U.S. Supreme Court Strong v. Repide, 213 U.S. 419 (1909)
Strong v. Repide
Argued March 10, 11, 1909
Decided May 3, 1909
213 U.S. 419
ERROR TO AND APPEAL FROM THE SUPREME
COURT OF THE PHILIPPINE ISLANDS
Although there is no technical finding of facts by the Court of First Instance of the Philippine Islands, if the opinion shows the facts on which the judgment is based and the courts below differ in regard thereto, they may be reviewed by this Court under § 10 of the Act of July 1, 1902, c. 1369, 32 Stat. 691. De la Rama v. De la Rama, 201 U. S. 303 .
Where a sale made through an agent of the vendor has been effected by the fraud and deceit of the vendee, the sale cannot stand whether or not the vendor's agent had power to sell.
A director upon whose action the value of the shares depends cannot avail of his knowledge of what his own action will be to acquire shares from those whom he intentionally keeps in ignorance of his expected action and the resulting value of the shares.
This is a rule of common law, and also of the Spanish law before the adoption of the Philippine Civil Code; and, under §§ 1261-1269 of that code, a contract obtained under such circumstances can be avoided by the party whose consent would not have been given had he known the facts within the knowledge of the other party.
Even though a director may not be under the obligation of a fiduciary nature to disclose to a shareholder his knowledge affecting the value of the shares, that duty may exist in special cases, and did exist upon the facts in this case.
In this case, the facts clearly indicate that a director of a corporation owning friar lands in the Philippine Islands, and who controlled the action of the corporation, had so concealed his exclusive knowledge of the impending sale to the government from a shareholder from whom he purchased, through an agent, shares in the corporation, that the concealment was in violation of his duty as a director to disclose such knowledge, and amounted to deceit sufficient to avoid the sale; and, under such circumstances, it was immaterial whether the shareholder's agent did or did not have power to sell the stock.
While the method of payment cannot have induced the vendor's consent to a sale, where that method tended to conceal the identity of the purchaser and was part of a scheme to conceal facts, the knowledge of which would have resulted in vendor's refusal to sell, evidence as to the payment is admissible to show the fraudulent intent and scheme of the purchaser.
The expressed prohibitions in § 1459 of the Spanish Civil Code against directors of corporations acquiring shares of stock entrusted to them do not apply to purchases from others.
An expressed prohibition against directors acquiring shares held by themselves in a fiduciary capacity does not refer to purchases by directors of shares from others, or so limit the prohibitions against purchases of stock by directors that a sale to one cannot be avoided by his deceit in not disclosing material facts within his exclusive knowledge.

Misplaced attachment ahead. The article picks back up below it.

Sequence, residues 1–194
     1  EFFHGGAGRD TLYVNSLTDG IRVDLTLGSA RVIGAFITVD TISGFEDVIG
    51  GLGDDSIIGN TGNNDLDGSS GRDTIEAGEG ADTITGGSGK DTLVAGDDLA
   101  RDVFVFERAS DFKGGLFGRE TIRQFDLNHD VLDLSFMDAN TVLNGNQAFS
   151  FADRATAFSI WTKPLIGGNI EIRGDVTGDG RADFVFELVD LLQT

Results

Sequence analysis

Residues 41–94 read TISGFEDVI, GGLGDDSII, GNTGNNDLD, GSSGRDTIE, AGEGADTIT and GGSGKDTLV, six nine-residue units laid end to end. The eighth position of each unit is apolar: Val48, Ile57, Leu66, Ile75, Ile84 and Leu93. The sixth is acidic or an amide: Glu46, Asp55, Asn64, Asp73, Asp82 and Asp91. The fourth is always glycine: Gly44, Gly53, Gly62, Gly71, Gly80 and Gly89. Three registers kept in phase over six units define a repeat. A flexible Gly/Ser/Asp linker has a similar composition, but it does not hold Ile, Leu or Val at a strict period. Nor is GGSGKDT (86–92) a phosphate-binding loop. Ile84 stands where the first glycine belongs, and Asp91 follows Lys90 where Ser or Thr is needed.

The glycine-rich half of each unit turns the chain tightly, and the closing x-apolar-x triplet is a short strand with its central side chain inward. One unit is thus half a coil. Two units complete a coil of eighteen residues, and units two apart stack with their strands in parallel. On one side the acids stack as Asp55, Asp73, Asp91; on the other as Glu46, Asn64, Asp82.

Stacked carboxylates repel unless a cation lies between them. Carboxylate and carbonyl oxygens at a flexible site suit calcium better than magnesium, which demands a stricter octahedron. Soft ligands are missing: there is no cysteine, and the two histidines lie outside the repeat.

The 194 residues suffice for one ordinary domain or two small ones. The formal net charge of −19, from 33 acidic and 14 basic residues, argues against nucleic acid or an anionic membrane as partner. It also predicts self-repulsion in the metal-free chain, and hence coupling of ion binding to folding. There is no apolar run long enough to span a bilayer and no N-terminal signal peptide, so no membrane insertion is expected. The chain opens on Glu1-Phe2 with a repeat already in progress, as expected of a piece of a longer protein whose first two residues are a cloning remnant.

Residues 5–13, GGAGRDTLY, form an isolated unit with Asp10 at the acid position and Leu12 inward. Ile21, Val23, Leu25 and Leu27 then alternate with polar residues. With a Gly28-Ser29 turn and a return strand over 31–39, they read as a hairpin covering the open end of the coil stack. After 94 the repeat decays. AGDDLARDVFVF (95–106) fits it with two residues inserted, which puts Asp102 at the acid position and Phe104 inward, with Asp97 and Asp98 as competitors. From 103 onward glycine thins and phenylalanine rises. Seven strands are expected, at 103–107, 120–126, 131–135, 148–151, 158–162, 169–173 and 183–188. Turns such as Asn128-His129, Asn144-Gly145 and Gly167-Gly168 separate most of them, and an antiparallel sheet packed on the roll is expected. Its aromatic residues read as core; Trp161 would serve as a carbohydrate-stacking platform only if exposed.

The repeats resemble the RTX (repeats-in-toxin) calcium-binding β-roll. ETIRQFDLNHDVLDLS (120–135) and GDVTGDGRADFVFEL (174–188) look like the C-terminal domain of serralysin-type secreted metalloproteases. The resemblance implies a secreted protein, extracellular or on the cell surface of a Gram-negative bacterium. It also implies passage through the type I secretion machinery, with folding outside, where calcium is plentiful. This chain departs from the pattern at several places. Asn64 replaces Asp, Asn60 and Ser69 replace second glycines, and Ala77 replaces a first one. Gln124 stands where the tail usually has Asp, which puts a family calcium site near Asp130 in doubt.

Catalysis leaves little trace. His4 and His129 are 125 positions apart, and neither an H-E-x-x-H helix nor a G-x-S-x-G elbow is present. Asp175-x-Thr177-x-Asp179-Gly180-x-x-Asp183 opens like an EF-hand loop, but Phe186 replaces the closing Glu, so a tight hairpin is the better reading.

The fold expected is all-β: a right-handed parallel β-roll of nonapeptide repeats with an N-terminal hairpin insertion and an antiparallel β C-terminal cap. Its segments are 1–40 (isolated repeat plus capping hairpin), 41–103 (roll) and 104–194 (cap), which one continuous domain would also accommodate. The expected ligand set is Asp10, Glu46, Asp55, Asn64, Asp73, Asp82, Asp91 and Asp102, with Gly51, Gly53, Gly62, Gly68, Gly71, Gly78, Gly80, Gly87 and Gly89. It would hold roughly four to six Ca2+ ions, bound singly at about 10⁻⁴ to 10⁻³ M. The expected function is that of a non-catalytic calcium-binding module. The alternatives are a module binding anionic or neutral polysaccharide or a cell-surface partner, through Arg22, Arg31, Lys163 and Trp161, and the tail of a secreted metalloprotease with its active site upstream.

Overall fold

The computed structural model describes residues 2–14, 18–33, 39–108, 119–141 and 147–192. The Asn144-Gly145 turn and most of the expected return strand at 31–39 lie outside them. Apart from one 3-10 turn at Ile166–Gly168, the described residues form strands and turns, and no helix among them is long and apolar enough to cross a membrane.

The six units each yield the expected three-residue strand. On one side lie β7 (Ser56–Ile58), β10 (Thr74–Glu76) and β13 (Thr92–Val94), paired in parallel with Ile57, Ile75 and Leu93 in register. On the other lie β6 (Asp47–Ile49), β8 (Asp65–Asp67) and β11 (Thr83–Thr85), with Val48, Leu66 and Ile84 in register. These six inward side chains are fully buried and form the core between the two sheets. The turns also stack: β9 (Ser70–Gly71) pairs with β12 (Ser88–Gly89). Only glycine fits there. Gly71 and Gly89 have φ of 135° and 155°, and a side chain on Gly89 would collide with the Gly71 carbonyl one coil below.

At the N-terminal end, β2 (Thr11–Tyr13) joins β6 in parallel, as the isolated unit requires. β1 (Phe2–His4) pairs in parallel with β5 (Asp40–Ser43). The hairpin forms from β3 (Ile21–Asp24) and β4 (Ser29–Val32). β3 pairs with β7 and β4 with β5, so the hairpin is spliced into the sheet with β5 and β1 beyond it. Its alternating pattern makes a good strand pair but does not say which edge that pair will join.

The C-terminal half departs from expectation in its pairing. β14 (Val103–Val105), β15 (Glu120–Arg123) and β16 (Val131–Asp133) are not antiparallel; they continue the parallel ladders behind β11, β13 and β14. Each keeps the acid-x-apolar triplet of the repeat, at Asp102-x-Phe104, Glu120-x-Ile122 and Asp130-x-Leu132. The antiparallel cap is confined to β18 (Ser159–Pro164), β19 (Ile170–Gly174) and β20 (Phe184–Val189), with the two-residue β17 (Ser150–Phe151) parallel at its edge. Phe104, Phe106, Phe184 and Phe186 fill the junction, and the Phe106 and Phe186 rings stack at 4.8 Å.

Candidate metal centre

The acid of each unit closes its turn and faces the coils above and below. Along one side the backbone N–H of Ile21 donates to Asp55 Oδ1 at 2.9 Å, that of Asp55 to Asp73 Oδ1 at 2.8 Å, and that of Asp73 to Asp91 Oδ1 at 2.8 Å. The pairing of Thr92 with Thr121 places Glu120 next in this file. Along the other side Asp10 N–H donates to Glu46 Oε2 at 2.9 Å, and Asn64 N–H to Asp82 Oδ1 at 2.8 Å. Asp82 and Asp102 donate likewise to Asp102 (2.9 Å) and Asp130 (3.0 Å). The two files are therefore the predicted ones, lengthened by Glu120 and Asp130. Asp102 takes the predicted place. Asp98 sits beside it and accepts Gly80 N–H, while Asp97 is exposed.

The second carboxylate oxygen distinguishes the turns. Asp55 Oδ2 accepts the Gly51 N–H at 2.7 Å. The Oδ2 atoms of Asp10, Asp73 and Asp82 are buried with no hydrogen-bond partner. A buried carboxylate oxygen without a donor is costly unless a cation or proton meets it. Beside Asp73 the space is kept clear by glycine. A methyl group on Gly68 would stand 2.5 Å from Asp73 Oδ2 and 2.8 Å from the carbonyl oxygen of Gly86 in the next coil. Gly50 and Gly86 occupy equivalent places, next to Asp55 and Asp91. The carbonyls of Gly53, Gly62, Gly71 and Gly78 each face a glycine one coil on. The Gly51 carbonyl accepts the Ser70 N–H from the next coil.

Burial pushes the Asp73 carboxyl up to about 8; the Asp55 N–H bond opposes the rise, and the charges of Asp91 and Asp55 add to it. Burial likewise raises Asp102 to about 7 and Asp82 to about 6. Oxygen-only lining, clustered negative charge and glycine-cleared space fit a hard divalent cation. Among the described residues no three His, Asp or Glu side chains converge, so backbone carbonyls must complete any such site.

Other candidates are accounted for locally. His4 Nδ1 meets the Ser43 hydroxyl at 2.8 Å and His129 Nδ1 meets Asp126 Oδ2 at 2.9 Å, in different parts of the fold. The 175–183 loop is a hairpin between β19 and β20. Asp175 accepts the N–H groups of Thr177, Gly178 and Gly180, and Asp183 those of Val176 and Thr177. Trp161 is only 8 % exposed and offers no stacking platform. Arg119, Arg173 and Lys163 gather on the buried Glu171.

Although there may be objections to the form of judgment in the Court
of First Instance, as they are not of a material nature, this Court will follow the same course.
6 Phil. 680 reversed.
This action was commenced on the twelfth day of January, 1904, in the Court of First Instance of the City of Manila, Philippine Islands, by the plaintiffs in error, Eleanor Erica Strong and Richard P. Strong, her husband, against the defendant in error. It was brought by the plaintiff Mrs. Strong, as the owner of 800 shares of the capital stock of the Philippine Sugar Estates Development Company, Limited (the other plaintiff being added as her husband), to recover such shares from defendant (who was already the owner of 30,400 of the 42,030 shares issued by the company) on the ground that the shares had been sold and delivered by plaintiff's agent to the agent of defendant without authority from plaintiff, and also on the ground that defendant fraudulently concealed from plaintiff's agent, one F. Stuart Jones, facts affecting the value of the stock so sold and delivered. The stock was of the par value of $100 per share, Mexican currency.
The plaintiff never had any negotiations for the sale of the stock herself, and was ignorant that it was sold until some time after the sale, the negotiations for which took place between an agent of the plaintiff and an agent of defendant, the name of the defendant being undisclosed.
In addition to his ownership of almost three-fourths of the shares of the stock of the company, the defendant was one of the five directors of the company, and was elected by the board the agent and administrator general of such company, "with exclusive intervention in the management" of its general business.
The defendant put in issue the lack of authority of the agent of the plaintiff, denied all fraud, and alleged that the purchase of the stock from plaintiff's agent (which stock was payable to bearer and transferable by delivery) was made by one Albert Kauffman, who afterwards sold and conveyed the same to the